The thing is, saying no and upsetting two people (Sarah and the make up artist) would’ve done less damage than my poor 100-odd wedding guests who had to wait around for 45 minutes outside in the cold! We are taught from an early age that no is a bad thing (No! Naughty!) and as we get older we are expected to say Yes to everything (make the most of every opportunity!). But “no” is not inherently negative.  If you are struggling to say no to someone, just reframe it this way – by saying no to something, you are freeing yourself to saying yes to something else!

Saying no is hard

If you’re agreeing to something because it’s just easier than trying to say no, I understand. No one wants to be the bearer of bad news! That’s part of the reason people procrastinate when having to decline a wedding invitation – they don’t want to have to deliver bad news.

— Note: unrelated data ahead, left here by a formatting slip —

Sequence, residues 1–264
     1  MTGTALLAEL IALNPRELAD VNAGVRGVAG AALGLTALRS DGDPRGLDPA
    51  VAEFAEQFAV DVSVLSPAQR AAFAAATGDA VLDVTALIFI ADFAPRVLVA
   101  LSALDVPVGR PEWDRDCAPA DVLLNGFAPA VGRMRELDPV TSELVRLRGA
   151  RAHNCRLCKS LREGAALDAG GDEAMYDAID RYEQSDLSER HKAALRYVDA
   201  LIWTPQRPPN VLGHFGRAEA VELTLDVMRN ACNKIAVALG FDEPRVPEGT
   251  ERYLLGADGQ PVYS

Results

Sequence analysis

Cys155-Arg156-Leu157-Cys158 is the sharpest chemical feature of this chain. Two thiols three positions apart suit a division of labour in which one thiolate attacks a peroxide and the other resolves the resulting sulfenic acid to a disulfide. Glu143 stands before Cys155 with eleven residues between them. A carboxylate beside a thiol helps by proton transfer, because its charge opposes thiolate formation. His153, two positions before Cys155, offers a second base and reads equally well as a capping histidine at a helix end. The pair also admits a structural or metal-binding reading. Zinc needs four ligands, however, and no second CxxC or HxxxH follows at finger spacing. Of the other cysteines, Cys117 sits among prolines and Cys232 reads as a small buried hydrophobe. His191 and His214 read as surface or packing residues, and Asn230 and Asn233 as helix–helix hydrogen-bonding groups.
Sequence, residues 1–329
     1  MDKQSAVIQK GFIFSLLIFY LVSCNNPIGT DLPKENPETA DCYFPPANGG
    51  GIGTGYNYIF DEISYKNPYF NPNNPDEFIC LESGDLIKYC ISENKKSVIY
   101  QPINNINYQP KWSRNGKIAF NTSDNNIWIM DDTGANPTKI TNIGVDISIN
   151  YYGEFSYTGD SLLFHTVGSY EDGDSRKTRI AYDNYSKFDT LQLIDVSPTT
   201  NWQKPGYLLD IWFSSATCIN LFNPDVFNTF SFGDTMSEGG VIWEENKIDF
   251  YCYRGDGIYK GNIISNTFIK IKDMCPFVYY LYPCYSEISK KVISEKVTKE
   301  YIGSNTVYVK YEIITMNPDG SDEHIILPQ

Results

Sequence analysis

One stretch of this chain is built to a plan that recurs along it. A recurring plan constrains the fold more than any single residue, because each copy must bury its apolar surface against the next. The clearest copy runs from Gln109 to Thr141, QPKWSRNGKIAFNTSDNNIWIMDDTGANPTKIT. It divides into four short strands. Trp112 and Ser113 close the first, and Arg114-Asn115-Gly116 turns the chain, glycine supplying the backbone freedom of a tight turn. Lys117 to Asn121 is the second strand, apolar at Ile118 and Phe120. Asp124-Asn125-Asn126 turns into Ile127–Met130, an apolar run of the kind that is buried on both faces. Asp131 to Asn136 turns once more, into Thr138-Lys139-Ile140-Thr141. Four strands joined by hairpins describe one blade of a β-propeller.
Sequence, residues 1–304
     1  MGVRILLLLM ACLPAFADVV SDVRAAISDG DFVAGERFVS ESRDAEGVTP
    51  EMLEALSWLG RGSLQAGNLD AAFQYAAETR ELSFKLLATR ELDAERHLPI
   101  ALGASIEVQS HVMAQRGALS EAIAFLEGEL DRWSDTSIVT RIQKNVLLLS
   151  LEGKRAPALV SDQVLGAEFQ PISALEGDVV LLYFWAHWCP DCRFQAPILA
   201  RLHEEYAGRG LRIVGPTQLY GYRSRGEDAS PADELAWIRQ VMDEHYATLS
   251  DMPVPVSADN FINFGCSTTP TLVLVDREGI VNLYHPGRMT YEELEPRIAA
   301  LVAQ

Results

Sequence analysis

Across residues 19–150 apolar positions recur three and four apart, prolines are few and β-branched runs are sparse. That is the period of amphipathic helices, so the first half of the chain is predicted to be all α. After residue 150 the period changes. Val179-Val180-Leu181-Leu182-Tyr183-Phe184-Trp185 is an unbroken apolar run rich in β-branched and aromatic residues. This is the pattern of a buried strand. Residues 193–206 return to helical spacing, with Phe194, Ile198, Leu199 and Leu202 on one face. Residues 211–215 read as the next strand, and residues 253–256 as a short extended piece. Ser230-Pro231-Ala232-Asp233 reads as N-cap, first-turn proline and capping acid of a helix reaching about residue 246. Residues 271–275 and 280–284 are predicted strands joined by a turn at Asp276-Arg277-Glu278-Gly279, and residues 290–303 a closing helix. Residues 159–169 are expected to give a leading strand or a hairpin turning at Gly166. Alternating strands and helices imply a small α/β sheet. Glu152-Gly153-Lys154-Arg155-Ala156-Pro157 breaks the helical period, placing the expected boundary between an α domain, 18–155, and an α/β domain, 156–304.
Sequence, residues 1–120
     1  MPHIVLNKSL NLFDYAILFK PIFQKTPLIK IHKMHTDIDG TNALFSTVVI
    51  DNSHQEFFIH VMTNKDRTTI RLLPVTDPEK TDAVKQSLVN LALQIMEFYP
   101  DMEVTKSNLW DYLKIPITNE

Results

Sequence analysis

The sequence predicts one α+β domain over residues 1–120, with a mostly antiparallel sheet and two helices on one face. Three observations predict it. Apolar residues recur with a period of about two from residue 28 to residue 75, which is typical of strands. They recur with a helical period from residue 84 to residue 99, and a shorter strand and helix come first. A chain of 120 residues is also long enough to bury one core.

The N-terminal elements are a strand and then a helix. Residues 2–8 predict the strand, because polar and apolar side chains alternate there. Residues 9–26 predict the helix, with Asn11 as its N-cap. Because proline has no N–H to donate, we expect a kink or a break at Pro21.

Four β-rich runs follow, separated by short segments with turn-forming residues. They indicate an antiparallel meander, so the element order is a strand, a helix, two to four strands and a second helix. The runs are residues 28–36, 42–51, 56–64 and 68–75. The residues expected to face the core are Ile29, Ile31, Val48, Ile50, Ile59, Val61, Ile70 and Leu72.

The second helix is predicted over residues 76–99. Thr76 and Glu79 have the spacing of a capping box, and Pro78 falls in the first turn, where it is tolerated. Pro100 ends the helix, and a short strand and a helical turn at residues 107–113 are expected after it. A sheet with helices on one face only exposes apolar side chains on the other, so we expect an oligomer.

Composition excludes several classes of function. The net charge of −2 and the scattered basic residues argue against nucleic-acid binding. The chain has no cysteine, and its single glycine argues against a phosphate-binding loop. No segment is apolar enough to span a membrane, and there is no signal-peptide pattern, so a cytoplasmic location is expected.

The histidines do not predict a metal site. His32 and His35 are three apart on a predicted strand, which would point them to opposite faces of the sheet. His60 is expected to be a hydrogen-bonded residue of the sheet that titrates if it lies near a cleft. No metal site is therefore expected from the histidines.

In the last year, I’ve had a solid plan for my personal life and professional life in place. When you know where you want to head, it should make it easier to say no, right? I’ve been really disappointed at the number of people who’ve pushed back when I’ve said no. My reasons are valid, my plan is solid. I’m doing the right thing by saying no. But I still get people pushing back and trying to get me to change my mind. Just remember, it’s them being rude, by not accepting your answer – not you.

Fit it in the framework